THE DOT - if this turns orange or red be alert

Tuesday, January 25, 2011

part 3

5. Finally we can expect some business friendly bullshit from Obama - although its a bit weird to assume that Obama has done anything else but business pro stuff during his entire term. So far he has not done anything about Wallstreet or BP , actually he hired all the people from the Clinton's Jewish gang who were responsible for the mess starting with Summers who created a billions in losses for Harvard with his smart ideas but rather has managed to level up banks together with Rubin for the current mess. He has signed on all Bush things up to torture yet and will likely introduce some corp tax cuts tonight in his state of union. As Marc Faber stated today about Obama that he is intellectually dishonest and his appointments do prove that on any single bit. His latest to elect one of the worst CEO's out their as his chief advisor Immelt from GE is a sad fact of his inability to be a leader but proves he is nothing but a vane puppet. Faber also refuses to join Davos claiming their all liars there - makes sense to me.


Faber Sees 10% Drop in S&P 500, Says Stocks Expensive

January 25, 2011, 4:47 PM EST

By Rita Nazareth and Carol Massar

(Updates with details of previous forecasts.)

Jan. 25 (Bloomberg) -- Marc Faber, who said owning U.S. stocks would prove profitable in March 2009 before the Standard & Poor’s 500 Index began a 91 percent advance, predicted today that the gauge may drop 10 percent because too many investors are bullish.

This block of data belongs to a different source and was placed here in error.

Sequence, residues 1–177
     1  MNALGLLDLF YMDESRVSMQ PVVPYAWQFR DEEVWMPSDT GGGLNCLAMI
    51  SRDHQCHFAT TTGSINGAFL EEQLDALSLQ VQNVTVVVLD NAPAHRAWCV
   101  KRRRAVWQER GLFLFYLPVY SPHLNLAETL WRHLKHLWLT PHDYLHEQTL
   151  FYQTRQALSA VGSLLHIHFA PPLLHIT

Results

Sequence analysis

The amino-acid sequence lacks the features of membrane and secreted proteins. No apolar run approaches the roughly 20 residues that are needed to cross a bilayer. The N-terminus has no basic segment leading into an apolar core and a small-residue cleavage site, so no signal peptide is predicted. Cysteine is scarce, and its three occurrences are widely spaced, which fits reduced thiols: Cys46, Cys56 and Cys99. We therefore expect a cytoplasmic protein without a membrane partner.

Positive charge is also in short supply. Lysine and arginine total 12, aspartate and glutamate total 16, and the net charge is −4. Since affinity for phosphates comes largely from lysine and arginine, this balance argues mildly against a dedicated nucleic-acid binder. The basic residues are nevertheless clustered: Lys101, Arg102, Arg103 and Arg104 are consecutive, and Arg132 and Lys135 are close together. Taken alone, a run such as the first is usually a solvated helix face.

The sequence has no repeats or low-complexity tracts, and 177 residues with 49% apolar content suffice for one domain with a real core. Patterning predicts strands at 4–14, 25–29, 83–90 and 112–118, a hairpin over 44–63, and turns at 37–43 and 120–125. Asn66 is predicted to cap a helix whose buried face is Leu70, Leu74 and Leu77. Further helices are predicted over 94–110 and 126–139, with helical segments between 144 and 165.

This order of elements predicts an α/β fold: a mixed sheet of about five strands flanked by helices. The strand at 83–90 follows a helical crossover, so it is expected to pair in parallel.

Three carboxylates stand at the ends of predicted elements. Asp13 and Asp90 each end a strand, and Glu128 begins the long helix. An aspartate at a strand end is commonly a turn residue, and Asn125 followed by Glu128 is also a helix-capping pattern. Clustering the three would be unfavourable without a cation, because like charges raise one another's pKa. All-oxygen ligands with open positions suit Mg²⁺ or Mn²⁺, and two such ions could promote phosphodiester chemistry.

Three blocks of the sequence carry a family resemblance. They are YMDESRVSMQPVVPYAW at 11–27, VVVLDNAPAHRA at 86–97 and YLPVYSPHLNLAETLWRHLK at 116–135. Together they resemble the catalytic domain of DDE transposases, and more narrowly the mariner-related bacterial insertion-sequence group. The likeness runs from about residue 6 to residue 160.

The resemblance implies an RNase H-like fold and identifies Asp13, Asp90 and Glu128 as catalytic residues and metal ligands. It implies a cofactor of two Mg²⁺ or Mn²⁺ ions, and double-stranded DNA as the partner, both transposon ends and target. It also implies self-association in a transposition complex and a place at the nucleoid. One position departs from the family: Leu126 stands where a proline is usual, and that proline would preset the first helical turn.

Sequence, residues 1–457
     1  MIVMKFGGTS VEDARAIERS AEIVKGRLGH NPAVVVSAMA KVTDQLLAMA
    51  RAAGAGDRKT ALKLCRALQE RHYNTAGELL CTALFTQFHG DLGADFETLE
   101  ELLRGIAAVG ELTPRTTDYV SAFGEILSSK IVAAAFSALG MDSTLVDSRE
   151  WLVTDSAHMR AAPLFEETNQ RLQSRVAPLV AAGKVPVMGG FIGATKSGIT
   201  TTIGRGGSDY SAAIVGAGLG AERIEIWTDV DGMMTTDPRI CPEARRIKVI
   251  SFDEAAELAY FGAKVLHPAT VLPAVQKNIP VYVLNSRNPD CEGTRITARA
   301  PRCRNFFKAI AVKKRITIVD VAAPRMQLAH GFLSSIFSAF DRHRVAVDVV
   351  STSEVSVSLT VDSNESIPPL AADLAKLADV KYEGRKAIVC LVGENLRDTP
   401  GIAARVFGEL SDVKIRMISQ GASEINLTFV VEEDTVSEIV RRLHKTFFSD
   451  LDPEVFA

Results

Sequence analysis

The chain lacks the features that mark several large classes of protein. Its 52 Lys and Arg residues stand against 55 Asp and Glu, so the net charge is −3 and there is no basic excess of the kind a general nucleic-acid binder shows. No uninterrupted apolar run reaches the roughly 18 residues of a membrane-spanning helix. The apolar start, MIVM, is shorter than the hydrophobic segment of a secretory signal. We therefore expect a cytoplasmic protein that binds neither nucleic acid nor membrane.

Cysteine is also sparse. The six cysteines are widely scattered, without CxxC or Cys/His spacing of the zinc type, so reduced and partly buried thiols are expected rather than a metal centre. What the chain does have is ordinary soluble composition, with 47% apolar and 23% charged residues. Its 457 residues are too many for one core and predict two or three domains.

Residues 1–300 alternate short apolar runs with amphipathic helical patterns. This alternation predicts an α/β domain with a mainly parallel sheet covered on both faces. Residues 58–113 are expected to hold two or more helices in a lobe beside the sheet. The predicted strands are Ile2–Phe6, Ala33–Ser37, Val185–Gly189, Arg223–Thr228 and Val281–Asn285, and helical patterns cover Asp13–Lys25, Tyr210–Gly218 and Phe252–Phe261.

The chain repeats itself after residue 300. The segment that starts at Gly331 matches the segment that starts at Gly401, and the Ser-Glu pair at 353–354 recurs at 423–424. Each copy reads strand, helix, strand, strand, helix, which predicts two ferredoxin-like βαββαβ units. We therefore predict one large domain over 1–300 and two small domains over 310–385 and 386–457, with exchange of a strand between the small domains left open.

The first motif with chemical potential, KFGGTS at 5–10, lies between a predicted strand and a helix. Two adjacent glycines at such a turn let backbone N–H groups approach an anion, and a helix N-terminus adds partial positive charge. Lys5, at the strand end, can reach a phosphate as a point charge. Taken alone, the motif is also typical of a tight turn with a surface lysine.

“A correction is coming,” Faber said in an interview from Zurich with Carol Massar and Matt Miller on Bloomberg Television’s “Street Smart.” “Equities in the U.S. will go down less than emerging markets.” He forecast a drop of as much as 30 percent for equities in developing countries.

The MSCI Emerging Markets Index has increased 134 percent from March 9, 2009. Equities gained as central banks kept interest rates near record lows and governments spent trillions of dollars to spur growth. On Nov. 3, the Federal Reserve said it would buy an additional $600 billion of Treasuries through June to prevent deflation.

Faber said in an interview with Bloomberg Television on March 9, 2009, that it was “very difficult to see a scenario where you wouldn’t make any money” owning stocks over the next 10 years, while also warning the S&P 500 might lose 26 percent before the bear market ended.

The benchmark gauge for American equities began its biggest advance in five decades that day, climbing from 676.53 to 1,295.02 on Jan. 18, 2011.

Record High

In March 2007, he said the S&P 500 was more likely to fall than rise because the threats of faster inflation and slower growth persisted. The S&P 500 then climbed 10 percent to a record 1,565.15 seven months later, and ended the year up 3.5 percent.

Faber, who publishes the Gloom, Boom and Doom report, reiterated his views from a Dec. 30 interview with Bloomberg News when he said that U.S. Treasury bonds are a “suicidal” investment and are likely to decline in the long-term.

After bottoming in December 2008, the 10-year Treasury yield rose as high as 3.9859 percent in April on government measures to stimulate the economy. Concern about a second recession in three years sent yields lower through October. Treasuries rose today, pushing yields on 30-year bonds down the most this year, on speculation President Barack Obama will propose a five-year freeze of non-security discretionary spending to help cap record deficits.

“Treasuries are the best place for the next 10 days,” Faber said. “Not for the longer-term”

--With assistance from Matt Miller in New York. Editor: Chris Nagi

To contact the reporters on this story: Rita Nazareth in New York at; Carol Massar at

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